When QR (Quick Response) codes were first designed, the marketing industry seemed to believe that this was going to be a great new tool to help draw consumers to their website, products and offers.
However, it now appears that QR codes were perhaps somewhat of a fad? These clever little codes were everywhere when first released but they are now not so popular? Has the QR craze ended for good or do these codes still have a place as a marketing tool?
Well although you may believe that QR codes are a relatively new technology, you would be wrong. First invented in 1994 in Japan, QR codes have been in use for some time yet we only discovered them in the last five years. The idea behind the codes makes perfect sense and in all honesty, on paper it looks like a great way to link potential consumers to your website with little or no hassle.
So what went wrong?
Well perhaps most importantly, the technology was not embraced as it should have been. In order to use a QR code, you need to have a smart phone that has the compatible software. However, many mobile manufacturers including Android and Apple chose not to manufacture their phones with a QR reader already programmed, a confusing fact considering that between the two they account for 87.6 % of all mobiles sold. This has meant that consumers have had to find and download the relevant software and often at a cost. This is possibly why consumers have been so reluctant to embrace their existence.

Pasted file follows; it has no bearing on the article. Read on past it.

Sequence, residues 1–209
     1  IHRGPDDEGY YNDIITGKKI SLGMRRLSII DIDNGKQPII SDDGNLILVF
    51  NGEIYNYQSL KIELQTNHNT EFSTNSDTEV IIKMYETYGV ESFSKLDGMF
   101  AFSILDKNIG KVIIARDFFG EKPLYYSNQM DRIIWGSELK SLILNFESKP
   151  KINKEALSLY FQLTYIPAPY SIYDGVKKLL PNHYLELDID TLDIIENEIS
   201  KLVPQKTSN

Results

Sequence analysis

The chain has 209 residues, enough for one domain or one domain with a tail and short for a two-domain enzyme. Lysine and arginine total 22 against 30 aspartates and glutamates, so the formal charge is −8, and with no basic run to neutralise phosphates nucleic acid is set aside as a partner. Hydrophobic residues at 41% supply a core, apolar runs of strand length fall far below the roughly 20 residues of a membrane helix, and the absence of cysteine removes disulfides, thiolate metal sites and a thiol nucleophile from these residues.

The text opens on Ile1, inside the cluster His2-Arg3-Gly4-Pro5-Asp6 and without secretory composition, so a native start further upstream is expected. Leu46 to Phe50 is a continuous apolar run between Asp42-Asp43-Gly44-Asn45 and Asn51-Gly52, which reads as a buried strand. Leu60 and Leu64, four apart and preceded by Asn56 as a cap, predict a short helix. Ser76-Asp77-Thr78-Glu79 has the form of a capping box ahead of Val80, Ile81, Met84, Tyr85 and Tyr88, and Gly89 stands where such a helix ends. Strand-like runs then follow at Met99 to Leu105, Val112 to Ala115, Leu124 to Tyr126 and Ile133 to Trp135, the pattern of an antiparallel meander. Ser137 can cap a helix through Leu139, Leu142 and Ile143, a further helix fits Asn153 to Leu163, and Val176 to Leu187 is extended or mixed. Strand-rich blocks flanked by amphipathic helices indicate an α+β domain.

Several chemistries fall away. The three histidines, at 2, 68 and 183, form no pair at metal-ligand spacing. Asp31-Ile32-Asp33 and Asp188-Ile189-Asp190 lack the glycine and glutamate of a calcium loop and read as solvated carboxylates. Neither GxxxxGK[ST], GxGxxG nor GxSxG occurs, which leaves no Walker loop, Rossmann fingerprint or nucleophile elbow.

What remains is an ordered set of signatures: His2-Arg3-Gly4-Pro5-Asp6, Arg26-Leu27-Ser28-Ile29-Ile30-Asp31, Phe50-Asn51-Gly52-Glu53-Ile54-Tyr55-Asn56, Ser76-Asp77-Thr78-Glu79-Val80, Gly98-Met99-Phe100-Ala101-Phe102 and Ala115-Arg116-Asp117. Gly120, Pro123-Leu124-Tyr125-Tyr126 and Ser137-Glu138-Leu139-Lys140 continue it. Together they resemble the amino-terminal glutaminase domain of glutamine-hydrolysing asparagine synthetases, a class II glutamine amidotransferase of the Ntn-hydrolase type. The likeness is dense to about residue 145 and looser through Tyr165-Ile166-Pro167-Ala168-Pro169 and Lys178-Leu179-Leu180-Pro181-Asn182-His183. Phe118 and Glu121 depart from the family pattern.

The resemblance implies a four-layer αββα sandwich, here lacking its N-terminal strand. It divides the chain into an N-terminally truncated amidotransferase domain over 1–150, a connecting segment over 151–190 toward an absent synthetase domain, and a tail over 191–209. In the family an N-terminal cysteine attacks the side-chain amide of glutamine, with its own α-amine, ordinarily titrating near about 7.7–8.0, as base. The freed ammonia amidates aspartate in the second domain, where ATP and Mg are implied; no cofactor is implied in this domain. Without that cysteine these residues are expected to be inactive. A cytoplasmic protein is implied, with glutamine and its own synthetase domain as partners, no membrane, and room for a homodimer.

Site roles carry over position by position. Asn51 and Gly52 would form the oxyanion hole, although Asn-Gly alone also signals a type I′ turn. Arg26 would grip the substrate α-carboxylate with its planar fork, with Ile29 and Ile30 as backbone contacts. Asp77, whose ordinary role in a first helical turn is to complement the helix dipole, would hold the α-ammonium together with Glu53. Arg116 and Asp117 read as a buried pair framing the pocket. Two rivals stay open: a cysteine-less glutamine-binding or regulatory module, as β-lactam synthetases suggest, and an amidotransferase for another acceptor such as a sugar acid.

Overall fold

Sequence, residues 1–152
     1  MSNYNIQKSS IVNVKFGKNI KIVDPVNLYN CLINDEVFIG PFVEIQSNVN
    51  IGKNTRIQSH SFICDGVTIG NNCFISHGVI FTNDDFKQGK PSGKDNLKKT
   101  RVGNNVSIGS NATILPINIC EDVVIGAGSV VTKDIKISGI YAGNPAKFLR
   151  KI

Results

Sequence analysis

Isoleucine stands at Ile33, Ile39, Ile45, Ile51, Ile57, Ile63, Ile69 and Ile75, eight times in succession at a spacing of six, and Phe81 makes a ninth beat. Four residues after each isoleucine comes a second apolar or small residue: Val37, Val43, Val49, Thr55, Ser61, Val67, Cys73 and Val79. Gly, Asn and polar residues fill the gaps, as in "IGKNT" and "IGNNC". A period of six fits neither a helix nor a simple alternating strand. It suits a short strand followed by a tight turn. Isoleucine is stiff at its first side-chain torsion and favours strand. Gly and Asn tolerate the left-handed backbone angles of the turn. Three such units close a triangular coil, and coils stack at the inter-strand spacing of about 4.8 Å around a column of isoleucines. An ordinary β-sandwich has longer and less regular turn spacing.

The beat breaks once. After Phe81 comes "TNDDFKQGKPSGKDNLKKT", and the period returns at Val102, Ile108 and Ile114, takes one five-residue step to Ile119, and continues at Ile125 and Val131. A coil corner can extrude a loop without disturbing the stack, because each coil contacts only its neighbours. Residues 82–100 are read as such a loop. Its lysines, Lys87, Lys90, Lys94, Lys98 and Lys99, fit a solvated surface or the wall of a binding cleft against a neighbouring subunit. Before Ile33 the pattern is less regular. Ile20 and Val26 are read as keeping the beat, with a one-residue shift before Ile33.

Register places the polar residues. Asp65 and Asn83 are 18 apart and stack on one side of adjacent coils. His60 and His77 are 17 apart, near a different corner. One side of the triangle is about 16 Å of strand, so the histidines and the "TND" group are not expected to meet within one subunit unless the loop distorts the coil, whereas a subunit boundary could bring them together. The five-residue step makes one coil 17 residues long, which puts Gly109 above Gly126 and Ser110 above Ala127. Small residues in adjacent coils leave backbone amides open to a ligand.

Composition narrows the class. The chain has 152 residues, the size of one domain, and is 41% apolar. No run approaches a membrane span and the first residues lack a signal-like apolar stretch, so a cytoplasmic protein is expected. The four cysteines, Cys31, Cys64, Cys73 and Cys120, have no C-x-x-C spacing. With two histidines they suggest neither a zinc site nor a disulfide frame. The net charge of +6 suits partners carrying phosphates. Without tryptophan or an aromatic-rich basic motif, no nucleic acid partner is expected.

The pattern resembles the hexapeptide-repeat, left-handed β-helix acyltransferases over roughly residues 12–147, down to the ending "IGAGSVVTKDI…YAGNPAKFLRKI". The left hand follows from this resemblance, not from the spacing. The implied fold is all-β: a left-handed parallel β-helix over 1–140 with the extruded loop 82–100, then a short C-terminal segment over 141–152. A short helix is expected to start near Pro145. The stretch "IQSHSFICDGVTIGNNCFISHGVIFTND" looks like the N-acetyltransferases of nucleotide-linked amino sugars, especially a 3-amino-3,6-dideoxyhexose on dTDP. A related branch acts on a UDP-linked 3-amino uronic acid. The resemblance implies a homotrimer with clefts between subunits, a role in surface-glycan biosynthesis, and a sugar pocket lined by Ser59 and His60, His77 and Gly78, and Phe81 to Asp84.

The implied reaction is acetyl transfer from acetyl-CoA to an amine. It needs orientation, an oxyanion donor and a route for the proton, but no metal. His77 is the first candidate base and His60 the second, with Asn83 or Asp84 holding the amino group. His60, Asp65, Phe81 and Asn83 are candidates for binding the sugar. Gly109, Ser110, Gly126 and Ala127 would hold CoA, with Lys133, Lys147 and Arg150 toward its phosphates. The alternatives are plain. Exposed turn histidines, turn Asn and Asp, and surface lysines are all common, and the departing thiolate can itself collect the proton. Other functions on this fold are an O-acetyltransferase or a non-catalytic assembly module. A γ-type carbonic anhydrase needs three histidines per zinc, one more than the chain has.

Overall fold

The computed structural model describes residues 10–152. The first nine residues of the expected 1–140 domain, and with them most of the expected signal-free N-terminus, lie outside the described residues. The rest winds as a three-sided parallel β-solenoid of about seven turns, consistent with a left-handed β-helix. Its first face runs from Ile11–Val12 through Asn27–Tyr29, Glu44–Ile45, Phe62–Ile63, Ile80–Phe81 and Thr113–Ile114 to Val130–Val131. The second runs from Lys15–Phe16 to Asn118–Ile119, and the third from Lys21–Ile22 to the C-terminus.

Possibly even more frustrating was the misuse of the codes. Marketers went wild for the idea but never really thought the process through. As mobile smart phones are used to access the linked sites, they really ought to have been mobile friendly websites but for the majority this was not the case. The links all too often took consumers to a website they could not view let alone actively use! This irritated consumers to say the least.
What does the future hold for QR codes?
Perhaps it is unfair to say that QR codes are completely done with. For some industry sectors they are proving a helpful tool to those who have the software. For example, estate agents are now posting QR codes on for sale sign boards in order for potential buyers to be able to view all the property details on the spot. This is a perfect example of a QR code being used correctly, with a mobile friendly site, the system works well.
Unfortunately, the majority of the technology required to make this idea a true success is not quite there yet, perhaps it never will be. After all, UK consumers are not renowned for trying something again after it has already been an epic fail.
Image Credit: C_osett